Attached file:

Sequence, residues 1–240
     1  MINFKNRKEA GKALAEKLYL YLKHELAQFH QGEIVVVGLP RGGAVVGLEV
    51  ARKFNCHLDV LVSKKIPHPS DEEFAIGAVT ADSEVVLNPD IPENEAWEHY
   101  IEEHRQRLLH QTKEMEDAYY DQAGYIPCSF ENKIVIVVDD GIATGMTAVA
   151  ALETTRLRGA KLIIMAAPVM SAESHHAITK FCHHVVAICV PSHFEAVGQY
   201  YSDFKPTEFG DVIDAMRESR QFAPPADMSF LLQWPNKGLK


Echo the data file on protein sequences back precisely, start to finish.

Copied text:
Sequence, residues 1–240
     1  MINFKNRKEA GKALAEKLYL YLKHELAQFH QGEIVVVGLP RGGAVVGLEV
    51  ARKFNCHLDV LVSKKIPHPS DEEFAIGAVT ADSEVVLNPD IPENEAWEHY
   101  IEEHRQRLLH QTKEMEDAYY DQAGYIPCSF ENKIVIVVDD GIATGMTAVA
   151  ALETTRLRGA KLIIMAAPVM SAESHHAITK FCHHVVAICV PSHFEAVGQY
   201  YSDFKPTEFG DVIDAMRESR QFAPPADMSF LLQWPNKGLK